From Ohio to Michigan?

Dear Don't Move Firewood,

We live in Michigan, and I have a co-worker who is cutting down a Maple tree in Ohio, right across the border. They are offering their firewood to us, is it ok to move firewood across the stateline between (edited to remove city names) approx. 17-20 miles? Both areas are quarantined.

Thank you,

Firewood User

 

Dear Firewood User,

Thanks for asking this important question. Michigan is indeed under quarantine for the emerald ash borer, and Ohio has two types of quarantines- a regional quarantine for the emerald ash borer, and an small area (far from your part of the state) under quarantine for Asian longhorned beetle. Because of this, I asked an expert, Sharon Lucik with the Emerald Ash Borer Program of USDA-APHIS, for some help. She replied, "Not moving firewood long distances and making sure to purchase only treated firewood are two best practices to support healthy trees and forests. Given that, there are no emerald ash borer regulations prohibiting you from transporting firewood Ohio* to Michigan. Remember, untreated firewood can harbor invasive wood pests and diseases, so USDA continues to promote the “Don’t Move Firewood” message as part of its public outreach and educational efforts."

 

* Note that Sharon evaluated moving maple firewood from your coworker's town in Ohio, which is not a town that is under quarantine for Asian longhorned beetle (ALB). Maple, ash, birch and many other types of firewood ABSOLUTELY CANNOT be moved out of the ALB quarantined areas of Ohio. Speaking of the ALB, for anyone that is ever cutting down a maple tree, it is a really good idea to use that opportunity to look at the tree for signs of the Asian longhorned beetle. August will be the first ever Tree Check Month– so download this great one page handout if you want to learn more about that!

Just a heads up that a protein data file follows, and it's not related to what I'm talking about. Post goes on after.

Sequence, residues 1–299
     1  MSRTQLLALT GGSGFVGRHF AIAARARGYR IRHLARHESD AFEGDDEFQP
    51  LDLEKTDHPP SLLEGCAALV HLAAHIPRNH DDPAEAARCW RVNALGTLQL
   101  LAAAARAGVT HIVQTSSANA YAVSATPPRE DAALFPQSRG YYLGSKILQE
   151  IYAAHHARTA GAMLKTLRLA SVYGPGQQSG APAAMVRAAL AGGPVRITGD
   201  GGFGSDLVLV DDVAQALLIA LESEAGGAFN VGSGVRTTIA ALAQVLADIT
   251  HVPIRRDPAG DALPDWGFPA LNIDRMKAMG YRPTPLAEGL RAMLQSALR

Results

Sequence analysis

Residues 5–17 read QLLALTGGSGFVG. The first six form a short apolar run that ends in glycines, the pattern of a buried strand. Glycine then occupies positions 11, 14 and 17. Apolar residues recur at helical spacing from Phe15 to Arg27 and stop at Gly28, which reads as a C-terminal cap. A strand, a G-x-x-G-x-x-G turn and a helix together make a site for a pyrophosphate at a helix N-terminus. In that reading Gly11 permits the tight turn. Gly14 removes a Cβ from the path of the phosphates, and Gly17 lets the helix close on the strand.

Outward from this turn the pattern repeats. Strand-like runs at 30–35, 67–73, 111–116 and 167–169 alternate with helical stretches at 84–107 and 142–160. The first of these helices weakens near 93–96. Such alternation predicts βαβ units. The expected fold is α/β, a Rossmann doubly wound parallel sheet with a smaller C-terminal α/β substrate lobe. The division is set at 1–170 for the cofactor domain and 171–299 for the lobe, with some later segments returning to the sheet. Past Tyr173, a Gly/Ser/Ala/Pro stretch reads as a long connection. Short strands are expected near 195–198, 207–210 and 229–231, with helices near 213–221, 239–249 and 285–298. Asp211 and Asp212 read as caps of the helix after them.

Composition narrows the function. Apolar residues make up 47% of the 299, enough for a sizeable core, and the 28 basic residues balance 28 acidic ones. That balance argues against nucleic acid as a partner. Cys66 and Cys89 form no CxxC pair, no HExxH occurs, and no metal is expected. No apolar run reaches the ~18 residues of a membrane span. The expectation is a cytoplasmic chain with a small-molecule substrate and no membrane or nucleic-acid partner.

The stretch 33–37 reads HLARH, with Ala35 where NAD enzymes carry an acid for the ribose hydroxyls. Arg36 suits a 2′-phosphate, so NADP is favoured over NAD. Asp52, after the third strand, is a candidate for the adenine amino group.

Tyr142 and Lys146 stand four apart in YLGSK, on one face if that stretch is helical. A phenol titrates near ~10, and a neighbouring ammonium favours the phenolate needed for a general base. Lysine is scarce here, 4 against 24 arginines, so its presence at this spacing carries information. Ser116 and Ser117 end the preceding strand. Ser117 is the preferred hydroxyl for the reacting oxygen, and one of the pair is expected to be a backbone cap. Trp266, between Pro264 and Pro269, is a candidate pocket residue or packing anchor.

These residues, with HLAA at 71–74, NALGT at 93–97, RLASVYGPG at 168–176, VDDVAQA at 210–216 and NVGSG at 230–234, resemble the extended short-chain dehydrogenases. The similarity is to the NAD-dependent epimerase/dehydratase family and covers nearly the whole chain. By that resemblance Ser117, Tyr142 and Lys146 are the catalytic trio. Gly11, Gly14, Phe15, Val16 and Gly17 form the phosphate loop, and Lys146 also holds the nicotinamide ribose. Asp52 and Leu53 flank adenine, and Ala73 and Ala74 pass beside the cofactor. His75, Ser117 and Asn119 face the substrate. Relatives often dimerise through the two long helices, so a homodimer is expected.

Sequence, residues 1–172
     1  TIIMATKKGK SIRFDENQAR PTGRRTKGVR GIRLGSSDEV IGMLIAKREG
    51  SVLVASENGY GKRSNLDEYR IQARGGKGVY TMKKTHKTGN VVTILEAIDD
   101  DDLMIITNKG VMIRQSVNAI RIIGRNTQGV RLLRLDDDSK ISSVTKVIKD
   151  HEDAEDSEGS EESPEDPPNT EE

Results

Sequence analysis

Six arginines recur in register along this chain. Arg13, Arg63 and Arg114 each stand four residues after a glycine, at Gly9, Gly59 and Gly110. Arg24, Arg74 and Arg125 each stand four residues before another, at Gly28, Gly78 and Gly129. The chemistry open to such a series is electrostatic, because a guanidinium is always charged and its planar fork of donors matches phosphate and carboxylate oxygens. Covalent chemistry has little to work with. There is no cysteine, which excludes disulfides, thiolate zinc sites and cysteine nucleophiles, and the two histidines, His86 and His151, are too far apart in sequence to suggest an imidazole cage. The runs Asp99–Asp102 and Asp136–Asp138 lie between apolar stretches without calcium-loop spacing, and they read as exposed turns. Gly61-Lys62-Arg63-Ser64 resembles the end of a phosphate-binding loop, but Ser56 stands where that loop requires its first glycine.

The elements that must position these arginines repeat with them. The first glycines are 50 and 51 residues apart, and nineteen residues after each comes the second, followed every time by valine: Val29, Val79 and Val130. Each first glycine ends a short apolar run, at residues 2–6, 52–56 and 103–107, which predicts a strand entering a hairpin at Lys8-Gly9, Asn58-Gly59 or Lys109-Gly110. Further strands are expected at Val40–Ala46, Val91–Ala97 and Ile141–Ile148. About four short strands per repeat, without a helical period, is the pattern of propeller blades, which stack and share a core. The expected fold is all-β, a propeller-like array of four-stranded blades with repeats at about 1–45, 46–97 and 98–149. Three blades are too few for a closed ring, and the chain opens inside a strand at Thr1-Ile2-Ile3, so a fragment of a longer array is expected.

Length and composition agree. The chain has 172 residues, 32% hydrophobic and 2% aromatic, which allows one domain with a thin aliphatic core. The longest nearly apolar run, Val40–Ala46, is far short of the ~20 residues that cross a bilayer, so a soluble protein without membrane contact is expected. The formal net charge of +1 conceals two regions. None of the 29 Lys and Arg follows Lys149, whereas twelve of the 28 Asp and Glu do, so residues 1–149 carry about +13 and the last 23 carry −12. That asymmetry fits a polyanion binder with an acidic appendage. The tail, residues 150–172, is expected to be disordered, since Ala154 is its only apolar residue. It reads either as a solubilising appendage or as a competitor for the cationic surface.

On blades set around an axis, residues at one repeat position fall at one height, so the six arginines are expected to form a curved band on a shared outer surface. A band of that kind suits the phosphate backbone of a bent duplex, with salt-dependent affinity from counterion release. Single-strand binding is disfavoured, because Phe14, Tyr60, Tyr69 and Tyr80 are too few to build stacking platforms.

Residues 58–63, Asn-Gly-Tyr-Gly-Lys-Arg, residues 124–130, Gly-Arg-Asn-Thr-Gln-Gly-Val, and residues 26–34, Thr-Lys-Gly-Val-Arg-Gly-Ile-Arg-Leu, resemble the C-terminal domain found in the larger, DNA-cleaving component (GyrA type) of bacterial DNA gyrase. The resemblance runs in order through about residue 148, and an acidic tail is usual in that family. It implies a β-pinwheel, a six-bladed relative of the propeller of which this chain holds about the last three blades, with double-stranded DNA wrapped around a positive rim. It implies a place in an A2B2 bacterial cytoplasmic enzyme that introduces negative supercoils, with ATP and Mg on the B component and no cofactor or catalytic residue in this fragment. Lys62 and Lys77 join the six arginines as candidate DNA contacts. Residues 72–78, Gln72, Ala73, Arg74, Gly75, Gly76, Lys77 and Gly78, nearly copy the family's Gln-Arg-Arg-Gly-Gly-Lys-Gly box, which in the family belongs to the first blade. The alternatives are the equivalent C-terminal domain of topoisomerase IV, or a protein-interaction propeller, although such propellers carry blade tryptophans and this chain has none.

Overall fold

Moving ‘fake log’ firewood and pellets

The Dear Don't Move Firewood hotline is jumping this week! Thanks to everyone that writes in- keeps us nice and busy, and keeps all our readers thinking about firewood.

 

Dear Don't Move Firewood,

Is it OK to bring my own Presto logs to burn?  Or wood pellets?  Both of these are distributed all over North America, often far from the place where they were made.

Thanks,

'Fake Log' Firewood User

 

Dear FLFU,

 

It is OK! Not only is it OK, it is a great alternative to standard firewood. I can't say yes or no for any particular brand of 'fake log' firewood (Presto being just one of many, many acceptable brands out there), but anything that has been finely chipped or pelletized, kiln dried, and then recompressed into logs is very safe to move. If you ever have any doubt about a quarantine or boundary that you need to cross with your processed firewood, don't unwrap or open the packaging until you arrive at your destination (so that it is abundantly obvious these aren't natural logs, and all marks of heat treatment and processing are easily seen in case of a problem).